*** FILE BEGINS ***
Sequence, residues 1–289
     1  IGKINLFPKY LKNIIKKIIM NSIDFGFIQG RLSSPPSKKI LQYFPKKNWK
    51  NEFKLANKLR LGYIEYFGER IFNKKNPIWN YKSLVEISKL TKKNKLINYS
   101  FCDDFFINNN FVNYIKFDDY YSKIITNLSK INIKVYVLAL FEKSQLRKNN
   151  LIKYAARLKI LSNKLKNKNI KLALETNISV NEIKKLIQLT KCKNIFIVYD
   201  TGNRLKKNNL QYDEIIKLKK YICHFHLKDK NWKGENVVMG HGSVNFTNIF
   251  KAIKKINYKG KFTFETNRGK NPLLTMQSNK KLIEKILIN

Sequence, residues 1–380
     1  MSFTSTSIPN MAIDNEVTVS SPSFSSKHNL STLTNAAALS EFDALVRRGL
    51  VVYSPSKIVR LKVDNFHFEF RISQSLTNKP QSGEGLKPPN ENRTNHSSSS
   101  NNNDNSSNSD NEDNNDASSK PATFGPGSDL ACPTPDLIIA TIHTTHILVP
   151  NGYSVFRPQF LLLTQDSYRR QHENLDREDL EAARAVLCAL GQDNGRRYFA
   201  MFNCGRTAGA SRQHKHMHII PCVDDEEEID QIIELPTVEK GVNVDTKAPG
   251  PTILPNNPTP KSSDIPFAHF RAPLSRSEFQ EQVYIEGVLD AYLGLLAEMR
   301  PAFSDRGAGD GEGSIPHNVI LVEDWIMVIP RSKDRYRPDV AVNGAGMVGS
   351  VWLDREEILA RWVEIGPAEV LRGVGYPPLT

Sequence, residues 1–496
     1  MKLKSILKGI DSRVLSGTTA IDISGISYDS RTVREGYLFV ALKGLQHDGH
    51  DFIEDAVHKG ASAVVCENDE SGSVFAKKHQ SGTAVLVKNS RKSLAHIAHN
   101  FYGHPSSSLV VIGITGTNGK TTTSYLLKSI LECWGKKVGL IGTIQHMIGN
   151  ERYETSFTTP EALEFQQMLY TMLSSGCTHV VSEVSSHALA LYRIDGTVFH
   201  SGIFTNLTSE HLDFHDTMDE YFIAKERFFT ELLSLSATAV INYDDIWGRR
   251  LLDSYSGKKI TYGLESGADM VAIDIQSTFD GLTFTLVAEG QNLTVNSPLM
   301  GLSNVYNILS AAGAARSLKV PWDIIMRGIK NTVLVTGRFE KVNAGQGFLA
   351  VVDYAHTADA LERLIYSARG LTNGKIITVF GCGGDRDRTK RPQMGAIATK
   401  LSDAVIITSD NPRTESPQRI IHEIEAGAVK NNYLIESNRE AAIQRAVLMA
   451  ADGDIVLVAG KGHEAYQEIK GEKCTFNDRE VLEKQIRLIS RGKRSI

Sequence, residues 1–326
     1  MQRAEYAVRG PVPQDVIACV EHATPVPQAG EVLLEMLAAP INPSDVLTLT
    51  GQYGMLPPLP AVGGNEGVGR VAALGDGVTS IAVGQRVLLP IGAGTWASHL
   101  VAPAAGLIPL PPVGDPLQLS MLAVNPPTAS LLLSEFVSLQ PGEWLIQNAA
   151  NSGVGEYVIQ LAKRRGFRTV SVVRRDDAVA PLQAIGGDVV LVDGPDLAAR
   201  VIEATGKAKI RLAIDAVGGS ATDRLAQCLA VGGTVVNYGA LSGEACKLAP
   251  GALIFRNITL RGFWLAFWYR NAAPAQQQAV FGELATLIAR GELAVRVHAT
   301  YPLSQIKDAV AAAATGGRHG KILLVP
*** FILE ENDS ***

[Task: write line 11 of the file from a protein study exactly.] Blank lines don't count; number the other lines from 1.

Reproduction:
   101  NNNDNSSNSD NEDNNDASSK PATFGPGSDL ACPTPDLIIA TIHTTHILVP